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Robot Spies Are Watching You

Robot Spies Are Watching You

Robots create all new methods of direct surveillance. When thinking of direct surveillance the common thoughts are of James Bond style spy devices. Hi-tech spy equipment designed to infiltrate and transmit would fit the idea of a surveillance robot, but in reality our privacy is likely to be invaded in much more mundane ways. Regular household items such as toys and household helper robots are constantly learning data about our daily lives. The level of retention and distribution of this data may constitute a threat to our personal privacy, and possibly unlawful search and seizure.

Issues surrounding robots and privacy are similar to the issues surrounding the internet. When browsing the internet we transmit data. Our IP address is sent to users we don’t know. Our browsing history is recorded. Retailers such as Amazon and eBay record our purchasing history. Direct conversations are recorded by email and instant message. Social media shares items from political opinions to photos and even our location in real time. The legal questions arise when addressing how this data is used, whether it is an item freely shared, or whether this data should be considered private.

An example of how seemingly innocuous data can be revealing can be illustrated by looking at Facebook. While it is commonly realized that liking certain pages can affect the ads seen on your personal Facebook page, a recent study has shown that this data can be used to create an entire personality profiles. This data is voluntarily shared, and would not constitute an illegal search or invasion of privacy, but it is illustrative to show how seemingly little data can show a lot of information.

An example of a seemingly innocuous robot in the home can be found by looking at chore robots such as the Neato XV-11, a new generation of floor cleaning robots. The Neato is highly reviewed for its ability to scan the entire room before cleaning, which prevents it from bumping into walls and scratching furniture. The question becomes what happens to this data after scanning. What could a thief do with the exact layout of every room in your home? Where is the data stored and does it transmit? Household robots record your daily habits, which can easily reveal more than you may intend. If these robots are willingly discarded by the owner, is it legal for another party to obtain this information? What about manufacturers or repairmen? Where is the line to the right to privacy drawn?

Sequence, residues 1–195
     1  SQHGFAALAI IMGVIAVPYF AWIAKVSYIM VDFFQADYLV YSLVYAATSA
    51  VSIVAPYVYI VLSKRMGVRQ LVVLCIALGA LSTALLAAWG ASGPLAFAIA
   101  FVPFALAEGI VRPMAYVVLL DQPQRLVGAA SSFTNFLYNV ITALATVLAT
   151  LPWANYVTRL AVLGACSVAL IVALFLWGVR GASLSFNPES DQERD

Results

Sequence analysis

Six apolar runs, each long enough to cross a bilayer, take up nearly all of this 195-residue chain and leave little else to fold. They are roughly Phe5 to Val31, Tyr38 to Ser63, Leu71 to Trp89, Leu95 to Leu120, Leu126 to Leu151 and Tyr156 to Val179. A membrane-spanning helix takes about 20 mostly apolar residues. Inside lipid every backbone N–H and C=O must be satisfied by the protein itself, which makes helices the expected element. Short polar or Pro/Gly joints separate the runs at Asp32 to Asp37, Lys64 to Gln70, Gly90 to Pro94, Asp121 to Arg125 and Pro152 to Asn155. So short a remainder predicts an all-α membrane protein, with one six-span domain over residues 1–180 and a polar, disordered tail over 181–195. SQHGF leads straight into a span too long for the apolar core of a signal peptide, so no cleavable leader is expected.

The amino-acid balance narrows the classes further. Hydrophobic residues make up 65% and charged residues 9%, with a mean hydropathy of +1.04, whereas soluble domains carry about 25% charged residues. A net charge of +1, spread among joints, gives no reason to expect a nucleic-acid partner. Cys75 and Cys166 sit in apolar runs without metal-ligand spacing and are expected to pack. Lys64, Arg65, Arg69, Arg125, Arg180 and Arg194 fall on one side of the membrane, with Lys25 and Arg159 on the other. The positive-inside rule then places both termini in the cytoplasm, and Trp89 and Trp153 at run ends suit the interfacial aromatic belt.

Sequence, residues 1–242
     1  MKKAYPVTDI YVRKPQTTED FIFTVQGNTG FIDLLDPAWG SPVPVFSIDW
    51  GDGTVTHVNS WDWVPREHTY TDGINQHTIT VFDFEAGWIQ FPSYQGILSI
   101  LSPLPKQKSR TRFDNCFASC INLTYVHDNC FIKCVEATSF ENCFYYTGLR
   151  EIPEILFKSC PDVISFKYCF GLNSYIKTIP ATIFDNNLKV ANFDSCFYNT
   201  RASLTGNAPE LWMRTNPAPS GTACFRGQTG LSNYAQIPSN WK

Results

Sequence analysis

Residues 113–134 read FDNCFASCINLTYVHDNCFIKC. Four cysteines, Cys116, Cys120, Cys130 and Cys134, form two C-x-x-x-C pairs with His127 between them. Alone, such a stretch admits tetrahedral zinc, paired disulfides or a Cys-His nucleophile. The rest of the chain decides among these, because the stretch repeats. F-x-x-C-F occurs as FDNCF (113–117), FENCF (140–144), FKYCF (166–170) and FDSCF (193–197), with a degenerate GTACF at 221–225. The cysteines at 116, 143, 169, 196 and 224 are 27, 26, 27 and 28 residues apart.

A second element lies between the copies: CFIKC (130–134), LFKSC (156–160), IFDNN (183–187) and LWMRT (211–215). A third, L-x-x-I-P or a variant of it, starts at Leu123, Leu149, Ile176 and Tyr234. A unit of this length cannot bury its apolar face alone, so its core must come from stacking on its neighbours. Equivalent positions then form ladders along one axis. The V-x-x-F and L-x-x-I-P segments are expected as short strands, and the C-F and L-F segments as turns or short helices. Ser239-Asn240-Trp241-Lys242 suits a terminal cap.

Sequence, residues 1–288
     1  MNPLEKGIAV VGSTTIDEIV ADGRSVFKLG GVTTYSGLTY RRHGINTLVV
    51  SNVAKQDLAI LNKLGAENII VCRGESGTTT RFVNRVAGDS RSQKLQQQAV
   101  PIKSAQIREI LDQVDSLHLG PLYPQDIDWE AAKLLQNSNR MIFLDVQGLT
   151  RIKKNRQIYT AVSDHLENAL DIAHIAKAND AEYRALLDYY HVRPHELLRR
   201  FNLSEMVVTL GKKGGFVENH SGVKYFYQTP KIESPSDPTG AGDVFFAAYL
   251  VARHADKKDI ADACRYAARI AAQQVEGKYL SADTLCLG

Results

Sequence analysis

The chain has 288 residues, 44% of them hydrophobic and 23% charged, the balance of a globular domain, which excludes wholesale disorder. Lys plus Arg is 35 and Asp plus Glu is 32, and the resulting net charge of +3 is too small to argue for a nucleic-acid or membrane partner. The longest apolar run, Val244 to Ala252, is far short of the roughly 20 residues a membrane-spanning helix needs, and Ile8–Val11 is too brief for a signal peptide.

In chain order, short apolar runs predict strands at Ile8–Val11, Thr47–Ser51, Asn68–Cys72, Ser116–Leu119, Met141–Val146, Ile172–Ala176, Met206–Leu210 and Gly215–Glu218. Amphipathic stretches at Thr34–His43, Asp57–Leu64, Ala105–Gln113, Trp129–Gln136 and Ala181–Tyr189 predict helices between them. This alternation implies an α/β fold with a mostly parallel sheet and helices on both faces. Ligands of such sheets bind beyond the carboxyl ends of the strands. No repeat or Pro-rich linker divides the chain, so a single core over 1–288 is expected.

Finally there are robots that act like our stereotypical idea of robots. Household robots that have the ability to interact with us have become popularized in fiction such as Rosie on the Jetsons. Built for both children and adults, robots such as the Rovio have high data collection capabilities. Data is recorded in audio and video, and the robot wirelessly communicates. These robots have the ability to provide direct surveillance about our daily lives and conversations. Will search warrants in the future have the right to search household robots? The increased use of robotics in the home will lead to increased issues concerning privacy and the law. As with the internet it may take time to establish a precedent for this data use, as situations will be constantly evolving.

(Editor’s note: This article originally appeared on Kate’s blog.)

About Kate Hagan

I graduated from the Master of Science in Information Management program in 2013 after studying UX and Content Strategy. I served as the Publicity Officer for AIMS during my time as a student and am a proud alum. I currently work as a Content Marketing Strategist located in the SODO area of Seattle, and as a freelance writer and information manager. I’m an avid SciFi fan. When I’m not reading I’m probably spoiling my dog or doing yoga.

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